Confession: I Don’t Blame My Mother

I recently wrote a confession about my problems with my stepfather. (I seriously recommend reading it before continuing with this post.) Some people commented that my mom was pretty fucked up for allowing such things to happen. Which is a completely, perfectly reasonable and expected response. Only I didn’t expect it.

Because I don’t blame her.

I used to; I used to be bitter towards her and wonder why she never did anything to prevent the damage that was done to me or step in when I mentioned the horrible things her husband had put me through.

But then I grew a little older and got to know her, and him, and myself better. Now I have nothing but love and admiration towards her. I’m amazed by her.

My mother and I are similar in many ways. We look the same, we pick through trash, we’re creative, we’re both a little wacky in our beliefs and demeanor and are very loud (though that’s a family trait). But we’re also incredibly different.

My mother is codependent. As much as I adore her, I can admit that. She’s always had, and needed, a man by her side. She had the strength to leave my dad when I was not even two-years-old, but started dating almost immediately (from what I can recall).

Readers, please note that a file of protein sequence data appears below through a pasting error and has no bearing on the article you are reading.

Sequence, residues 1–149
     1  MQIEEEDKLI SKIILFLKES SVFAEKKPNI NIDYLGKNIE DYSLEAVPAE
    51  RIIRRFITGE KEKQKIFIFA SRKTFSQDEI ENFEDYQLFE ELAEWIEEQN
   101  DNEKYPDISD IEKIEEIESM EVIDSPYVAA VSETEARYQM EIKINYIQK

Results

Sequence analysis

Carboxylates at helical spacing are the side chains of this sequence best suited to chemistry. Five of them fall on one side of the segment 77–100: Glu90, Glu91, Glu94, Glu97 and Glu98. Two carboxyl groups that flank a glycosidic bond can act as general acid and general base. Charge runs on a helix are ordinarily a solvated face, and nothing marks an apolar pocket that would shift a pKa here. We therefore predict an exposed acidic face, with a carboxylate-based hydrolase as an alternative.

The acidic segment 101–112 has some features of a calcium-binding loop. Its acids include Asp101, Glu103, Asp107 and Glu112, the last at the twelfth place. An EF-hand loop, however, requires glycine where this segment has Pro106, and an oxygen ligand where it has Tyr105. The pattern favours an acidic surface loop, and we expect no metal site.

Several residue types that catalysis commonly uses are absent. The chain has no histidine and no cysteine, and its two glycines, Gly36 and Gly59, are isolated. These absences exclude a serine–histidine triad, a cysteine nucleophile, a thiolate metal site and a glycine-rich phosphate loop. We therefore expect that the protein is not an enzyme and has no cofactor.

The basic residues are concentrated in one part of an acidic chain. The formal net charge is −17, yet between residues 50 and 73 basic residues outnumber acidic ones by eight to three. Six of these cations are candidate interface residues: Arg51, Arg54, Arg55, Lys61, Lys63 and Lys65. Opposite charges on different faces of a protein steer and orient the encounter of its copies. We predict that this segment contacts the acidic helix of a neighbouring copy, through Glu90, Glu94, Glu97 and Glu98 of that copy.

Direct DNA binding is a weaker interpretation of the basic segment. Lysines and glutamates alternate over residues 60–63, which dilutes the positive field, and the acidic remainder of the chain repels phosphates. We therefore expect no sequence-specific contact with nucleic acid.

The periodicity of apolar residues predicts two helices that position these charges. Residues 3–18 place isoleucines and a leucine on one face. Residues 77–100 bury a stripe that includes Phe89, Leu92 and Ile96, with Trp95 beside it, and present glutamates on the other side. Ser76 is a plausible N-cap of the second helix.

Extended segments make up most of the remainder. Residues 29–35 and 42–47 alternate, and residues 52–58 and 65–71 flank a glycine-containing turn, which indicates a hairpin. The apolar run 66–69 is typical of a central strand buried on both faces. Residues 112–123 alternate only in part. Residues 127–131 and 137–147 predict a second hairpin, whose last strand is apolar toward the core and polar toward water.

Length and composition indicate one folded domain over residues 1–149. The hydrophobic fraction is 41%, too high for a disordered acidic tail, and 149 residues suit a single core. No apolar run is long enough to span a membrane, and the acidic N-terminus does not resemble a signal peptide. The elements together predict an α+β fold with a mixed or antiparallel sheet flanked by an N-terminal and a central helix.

When I was young — like, really young; 3-5 years young — she was casually dating two men. One I knew very well because she had been dating him for a while. He treated me like a princess and I loved him. The other one I didn’t know all that well, and I thought he was kind of weird. She asked me who I liked better — who I would rather her choose to be with — and of course I told her the one who treated me like a princess. I don’t know exactly how much weight my answer held, but I do know that she stayed with him. I didn’t find out until much, much later that he was very abusive towards her.

After they split, I’m not sure how long my mother was single. I know that it was her and I against the world and we were more like friends than a parent and child. Which worked perfectly for us — I got straight As and never got into (much) trouble and was all-around a good kid. We were like the Gilmore Girls.

And then she met a man at a bar one night, after he stole her seat. A man 18 years her junior. An attractive, smooth-talking man who had a fiance.

I don’t know what happened. I don’t know how the man stole her heart or what happened to his fiance. But they started dating.

I loved him at first. He was fun and young and would pick me up and flip me around, plus he was gorgeous. It took a few years for him to start making rules I wasn’t even breaking in the first place and implementing his way or the highway. I remember wondering why on earth I needed these rules if my mother and I were doing just fine without them.